Hurricane Season Is Here. Are You Prepared?

Josh McGillhurricane, Tip of the Week

By Amir Rezazadeh

Every year, hurricanes and tropical storms can occur in Florida from June 1 to Nov. 30. Hurricanes and tropical storms damage citrus trees by blowing fruit off trees or from flooding due to too much rain or high tides. Also, high tides due to wind may cause rising water levels and saltwater flooding.

The best practice for growers to minimize their losses is to have a hurricane plan prior to the event. It is best to develop a plan well before the start of hurricane season. The plan should be for both protection and recovery from storms.

Root damage can occur if trees are standing in water for more than 72 hours.

Before a hurricane, growers should consider practices to protect the people, equipment and supplies that will be required during the recovery period. Make a list of all tasks that will need to be done and make sure that all managers know their responsibilities before, during and after a hurricane. Every year, all employees need to update their contact information prior to hurricane season so that managers can contact them in emergency situations.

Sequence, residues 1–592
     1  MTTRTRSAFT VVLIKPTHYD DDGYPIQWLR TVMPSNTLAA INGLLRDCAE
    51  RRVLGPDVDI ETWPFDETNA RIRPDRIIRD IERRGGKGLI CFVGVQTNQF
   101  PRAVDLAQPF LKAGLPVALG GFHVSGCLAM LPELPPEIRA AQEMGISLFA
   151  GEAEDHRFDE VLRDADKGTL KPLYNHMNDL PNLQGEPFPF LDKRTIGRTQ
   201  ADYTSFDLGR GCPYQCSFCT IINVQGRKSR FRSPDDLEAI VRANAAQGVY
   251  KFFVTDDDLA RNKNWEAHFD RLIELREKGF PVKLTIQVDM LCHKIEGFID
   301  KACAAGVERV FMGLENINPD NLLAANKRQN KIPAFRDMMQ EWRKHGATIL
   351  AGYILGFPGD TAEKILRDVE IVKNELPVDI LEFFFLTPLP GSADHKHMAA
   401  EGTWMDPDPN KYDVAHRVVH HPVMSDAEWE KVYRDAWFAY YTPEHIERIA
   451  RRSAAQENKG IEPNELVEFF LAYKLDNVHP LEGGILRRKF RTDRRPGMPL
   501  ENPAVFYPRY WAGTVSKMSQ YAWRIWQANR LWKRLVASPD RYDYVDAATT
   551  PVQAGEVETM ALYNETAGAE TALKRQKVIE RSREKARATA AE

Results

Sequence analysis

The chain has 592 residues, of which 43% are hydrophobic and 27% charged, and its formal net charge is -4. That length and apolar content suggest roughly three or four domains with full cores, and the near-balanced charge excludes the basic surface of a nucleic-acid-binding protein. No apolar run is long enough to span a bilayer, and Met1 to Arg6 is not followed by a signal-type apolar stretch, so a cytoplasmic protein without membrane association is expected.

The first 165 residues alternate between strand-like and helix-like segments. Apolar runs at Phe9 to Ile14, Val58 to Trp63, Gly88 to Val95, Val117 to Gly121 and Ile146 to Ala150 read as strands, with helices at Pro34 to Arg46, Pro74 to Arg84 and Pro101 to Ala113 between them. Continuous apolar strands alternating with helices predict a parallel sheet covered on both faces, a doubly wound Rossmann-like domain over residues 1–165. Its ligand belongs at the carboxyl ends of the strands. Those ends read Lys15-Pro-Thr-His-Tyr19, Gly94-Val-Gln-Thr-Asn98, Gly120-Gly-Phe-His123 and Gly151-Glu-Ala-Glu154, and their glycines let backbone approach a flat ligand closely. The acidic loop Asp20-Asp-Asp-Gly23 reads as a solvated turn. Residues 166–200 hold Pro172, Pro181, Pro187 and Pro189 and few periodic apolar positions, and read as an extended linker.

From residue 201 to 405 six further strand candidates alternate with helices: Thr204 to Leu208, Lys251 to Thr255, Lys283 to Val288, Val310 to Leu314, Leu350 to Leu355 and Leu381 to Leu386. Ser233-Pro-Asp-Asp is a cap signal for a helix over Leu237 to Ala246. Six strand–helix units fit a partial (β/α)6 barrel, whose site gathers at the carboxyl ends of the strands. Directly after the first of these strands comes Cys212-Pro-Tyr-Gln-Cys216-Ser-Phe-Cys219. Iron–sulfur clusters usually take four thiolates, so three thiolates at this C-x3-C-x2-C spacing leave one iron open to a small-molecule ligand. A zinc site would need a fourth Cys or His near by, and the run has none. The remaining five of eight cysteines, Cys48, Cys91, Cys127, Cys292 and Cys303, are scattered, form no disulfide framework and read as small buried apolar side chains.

Although protecting trees from storm wind is difficult, pruning trees regularly and establishing windbreaks are good practices that growers should consider in order to minimize storm damage. Keeping ditches clean and pumped down will help to maximize water removal efforts after the hurricane. Make sure all emergency equipment, such as generators, chain saws, torches, air compressors and tractors are available and in good working order for use after a hurricane. Any hazardous material such as pesticide or gas should be secured prior to a storm. 

After a hurricane, inspect trees and equipment for possible damage. If roads are blocked due to flooding, downed trees or electrical poles, clear the roads to conduct better recovery activities. To prevent any root damage by flooding and insufficient oxygen, remove excess water from tree root zones within 72 hours after a hurricane. 

Amir Rezazadeh is a multi-county fruit and field crops Extension agent at the University of Florida Institute of Food and Agricultural Sciences St. Lucie County Extension office in Fort Pierce.

Share this Post

Sponsored Content